I don’t know if we needed a reminder that the 1970s were 50 years ago. But the Rolling Stones and Martin Scorsese are in fine form this year, Israel is at war and inflation is causing economic stress all around the world.
So perhaps we did.
Thankfully for those fretting that history might be repeating, oil markets have delivered a welcome reminder that the world is a different place in 2023.
There’ll be no oil shock for Christmas - this year at least.
In the 1970s the world’s inflation woes were compounded by two major oil price shocks - in 1973 and 1979.
Last week Opec tried to pull a 1970s-style power play and cut production to boost oil prices. They completely failed.
Oil prices fell sharply. By Friday morning Brent crude was trading at US$74 - its lowest level since June.
We can expect our petrol prices - off about 6 per cent in the past month (according to the Gaspy app) - to follow.
In fact, the Brent crude oil price is down almost 12 per cent since the end of November and 20 per cent since its last peak at the end of September.
That’s going to put some fair winds in the sails of central banks in their fight against inflation.
I suspect most of us didn’t notice the earlier slump this year because we were still worrying about making a down payment on a lettuce.
So what happened? Why are oil prices down and why can’t Opec do anything about it?
Well for starters, America produces significantly more oil than it did in the 1970s. So too do a whole bunch of non-Opec countries, like Canada and Mexico
In 1973 Opec controlled about 55 per cent of global oil supply. Now that figure is less than 30 per cent.
In August, non-Opec producing countries produced 73.3 million barrels of oil a day, or about 73 per cent of the global production.
If you add Russia to Opec (to make Opec+) then the ratio is more like 40 per cent versus 60 per cent for the rest of the world - but still significantly lower than the 70s.
Opec’s historic policy of colluding on supply to manipulate price wouldn’t be considered acceptable if it was strictly subject to World Trade Organisation rules - like we are for dairy - but hey, what can an oil-addicted West do about it.
The point is it didn’t work this time, and that’s quite a big deal. A significant rise in transport costs right now, just as markets are calling victory on the inflation fight, would have been destabilising - not just economically but politically.
So market move in the past week is good news.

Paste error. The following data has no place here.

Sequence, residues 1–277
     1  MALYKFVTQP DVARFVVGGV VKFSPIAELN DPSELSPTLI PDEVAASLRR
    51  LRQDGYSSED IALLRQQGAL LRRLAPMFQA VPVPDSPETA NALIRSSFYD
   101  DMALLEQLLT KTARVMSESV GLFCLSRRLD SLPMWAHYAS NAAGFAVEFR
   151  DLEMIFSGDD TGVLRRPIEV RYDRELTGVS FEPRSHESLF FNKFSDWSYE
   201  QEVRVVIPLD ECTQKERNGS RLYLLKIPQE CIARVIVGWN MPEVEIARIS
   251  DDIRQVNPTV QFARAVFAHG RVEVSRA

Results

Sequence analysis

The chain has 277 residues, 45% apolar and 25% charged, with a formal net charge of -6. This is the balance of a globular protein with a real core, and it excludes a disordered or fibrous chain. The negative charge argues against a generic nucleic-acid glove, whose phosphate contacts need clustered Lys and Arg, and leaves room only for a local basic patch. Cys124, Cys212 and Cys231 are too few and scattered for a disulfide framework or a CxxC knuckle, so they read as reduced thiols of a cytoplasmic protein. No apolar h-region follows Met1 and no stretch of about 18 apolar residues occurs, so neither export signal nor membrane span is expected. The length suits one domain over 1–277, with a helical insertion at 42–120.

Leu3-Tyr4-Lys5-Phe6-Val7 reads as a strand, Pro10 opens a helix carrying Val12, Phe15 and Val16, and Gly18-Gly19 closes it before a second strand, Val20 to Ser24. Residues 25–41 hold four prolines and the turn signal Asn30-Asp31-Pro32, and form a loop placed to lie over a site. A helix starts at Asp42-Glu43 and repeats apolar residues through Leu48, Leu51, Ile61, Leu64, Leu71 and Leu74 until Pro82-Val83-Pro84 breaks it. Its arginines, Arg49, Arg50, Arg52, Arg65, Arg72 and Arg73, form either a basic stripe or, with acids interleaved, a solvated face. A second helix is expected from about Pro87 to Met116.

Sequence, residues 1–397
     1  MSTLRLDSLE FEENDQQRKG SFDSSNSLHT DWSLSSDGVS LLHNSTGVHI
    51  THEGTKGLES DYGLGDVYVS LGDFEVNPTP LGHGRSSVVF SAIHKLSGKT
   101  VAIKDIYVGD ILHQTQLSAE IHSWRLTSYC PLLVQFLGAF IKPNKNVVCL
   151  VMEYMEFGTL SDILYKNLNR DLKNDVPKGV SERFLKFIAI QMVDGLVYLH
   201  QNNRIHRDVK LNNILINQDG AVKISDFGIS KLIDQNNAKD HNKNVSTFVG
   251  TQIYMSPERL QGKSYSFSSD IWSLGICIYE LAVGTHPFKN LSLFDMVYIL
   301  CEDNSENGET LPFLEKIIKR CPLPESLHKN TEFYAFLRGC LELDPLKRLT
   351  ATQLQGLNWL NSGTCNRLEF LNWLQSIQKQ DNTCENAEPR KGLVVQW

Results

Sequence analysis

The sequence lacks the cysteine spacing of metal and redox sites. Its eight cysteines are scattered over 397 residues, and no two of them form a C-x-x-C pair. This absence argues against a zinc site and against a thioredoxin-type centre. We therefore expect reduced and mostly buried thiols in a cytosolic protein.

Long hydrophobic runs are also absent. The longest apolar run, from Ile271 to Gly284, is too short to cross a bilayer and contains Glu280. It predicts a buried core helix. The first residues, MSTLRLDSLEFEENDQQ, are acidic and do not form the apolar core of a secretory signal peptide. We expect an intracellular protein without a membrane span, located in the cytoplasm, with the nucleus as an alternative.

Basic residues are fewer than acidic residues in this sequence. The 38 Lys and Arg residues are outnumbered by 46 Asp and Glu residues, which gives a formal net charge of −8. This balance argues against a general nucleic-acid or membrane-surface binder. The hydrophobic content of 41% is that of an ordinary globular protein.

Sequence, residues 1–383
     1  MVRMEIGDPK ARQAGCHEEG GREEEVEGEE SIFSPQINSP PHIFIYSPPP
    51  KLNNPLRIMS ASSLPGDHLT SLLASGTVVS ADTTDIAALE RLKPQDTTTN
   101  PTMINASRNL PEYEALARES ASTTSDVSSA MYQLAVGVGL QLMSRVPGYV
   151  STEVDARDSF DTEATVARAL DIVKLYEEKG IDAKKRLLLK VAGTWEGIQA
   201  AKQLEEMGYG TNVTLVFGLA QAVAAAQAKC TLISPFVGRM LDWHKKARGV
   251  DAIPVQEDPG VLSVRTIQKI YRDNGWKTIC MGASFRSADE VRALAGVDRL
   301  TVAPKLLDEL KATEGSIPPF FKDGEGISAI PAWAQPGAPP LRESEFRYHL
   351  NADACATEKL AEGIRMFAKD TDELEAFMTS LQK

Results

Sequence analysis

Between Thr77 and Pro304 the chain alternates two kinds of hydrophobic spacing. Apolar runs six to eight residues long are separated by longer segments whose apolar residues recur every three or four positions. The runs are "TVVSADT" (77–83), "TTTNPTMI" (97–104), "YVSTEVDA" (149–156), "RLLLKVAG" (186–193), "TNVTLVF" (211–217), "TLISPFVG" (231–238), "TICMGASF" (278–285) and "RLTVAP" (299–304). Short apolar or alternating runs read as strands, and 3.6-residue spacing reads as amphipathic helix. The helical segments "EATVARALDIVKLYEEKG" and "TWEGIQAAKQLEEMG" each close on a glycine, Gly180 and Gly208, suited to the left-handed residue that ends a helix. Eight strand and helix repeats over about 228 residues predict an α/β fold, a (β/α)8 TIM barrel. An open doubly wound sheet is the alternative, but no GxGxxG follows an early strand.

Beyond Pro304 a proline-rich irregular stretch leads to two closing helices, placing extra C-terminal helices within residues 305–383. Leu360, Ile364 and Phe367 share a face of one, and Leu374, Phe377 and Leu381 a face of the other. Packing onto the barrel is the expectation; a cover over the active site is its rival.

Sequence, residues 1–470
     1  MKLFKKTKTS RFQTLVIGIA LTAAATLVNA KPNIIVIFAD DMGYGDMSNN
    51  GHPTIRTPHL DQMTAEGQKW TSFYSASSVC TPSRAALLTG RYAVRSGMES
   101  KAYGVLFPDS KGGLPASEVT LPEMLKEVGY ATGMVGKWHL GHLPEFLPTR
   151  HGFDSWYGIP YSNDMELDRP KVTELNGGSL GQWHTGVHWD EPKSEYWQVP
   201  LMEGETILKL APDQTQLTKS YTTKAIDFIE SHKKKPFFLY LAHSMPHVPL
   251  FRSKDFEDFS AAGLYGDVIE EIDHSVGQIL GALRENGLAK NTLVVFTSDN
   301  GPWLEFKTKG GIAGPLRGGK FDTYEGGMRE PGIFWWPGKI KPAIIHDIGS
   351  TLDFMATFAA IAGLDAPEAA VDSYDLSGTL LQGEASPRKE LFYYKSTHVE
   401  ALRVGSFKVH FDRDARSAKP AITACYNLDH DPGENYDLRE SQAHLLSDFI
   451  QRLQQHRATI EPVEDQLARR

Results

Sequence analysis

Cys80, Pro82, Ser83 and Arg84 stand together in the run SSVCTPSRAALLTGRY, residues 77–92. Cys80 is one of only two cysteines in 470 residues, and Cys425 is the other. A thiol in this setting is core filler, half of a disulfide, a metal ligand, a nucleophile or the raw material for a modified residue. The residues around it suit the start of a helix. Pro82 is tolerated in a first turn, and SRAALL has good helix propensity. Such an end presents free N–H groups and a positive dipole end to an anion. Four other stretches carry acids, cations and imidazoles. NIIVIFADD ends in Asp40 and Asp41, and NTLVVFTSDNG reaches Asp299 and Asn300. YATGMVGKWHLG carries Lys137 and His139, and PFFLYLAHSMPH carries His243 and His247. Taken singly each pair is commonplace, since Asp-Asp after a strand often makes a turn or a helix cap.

The supply side is only half the equation, of course. The demand side is not such great news. The other reason Opec couldn’t shift prices was that markets are betting the global economy will continue to slow next year.
China’s outlook in particular looks very subdued.
On Tuesday, rating agency Moody’s cut its outlook on China’s government credit rating to negative from stable. The move was prompted by lower medium-term economic growth and rising debt.
Moody’s said it expects the country’s annual GDP growth to be 4 per cent in 2024 and 2025. China is battling deflation - consumers aren’t spending and prices are falling.
That is bad news for New Zealand’s exporters, although dairy prices have recently lifted.
Whichever way things go, next year we can take heart in another crucial difference between the economy in the 1970s and now: these days we have monetary policy that works.
And regardless of the tweaks to the mandates that occur with almost every change of Government, both major parties are committed to the basic principals of monetarism.
That is to say they maintain an independent Reserve Bank that targets inflation and economic stability by reducing or increasing the money supply.
Monetarism was never abandoned during the pandemic - it was applied in a way that a lot inflation hawks didn’t like, but that’s a different sort of objection.
Central banks used a monetarist lever to inject cash supply and now they are using a monetarist lever to reduce that supply.
Inflation is now easing in a relatively painless fashion. It might not feel like to some people on fixed incomes , but when benchmarked against the kind of economic and social disruption we would have seen if we’d locked down without stimulus, it is all pretty benign stuff.
And we’re still nowhere near approaching the levels of economic pain we went through after the Global Financial Crisis in 2009.
That may change. Economists have long expected this current (fourth) quarter and the next one to be the roughest we face in the cycle.
Based on nothing but a hunch about the record-breaking wave of immigration we’ve just had, I suspect that slowdown will be less pronounced but longer than initially forecast.
However smooth or bumpy the landing is, we can take heart that we are landing. We won’t be resorting to the weird stuff like carless days or wage and price freezes.
There was always good reason to have faith in the monetary system and so, in my view, it has proved.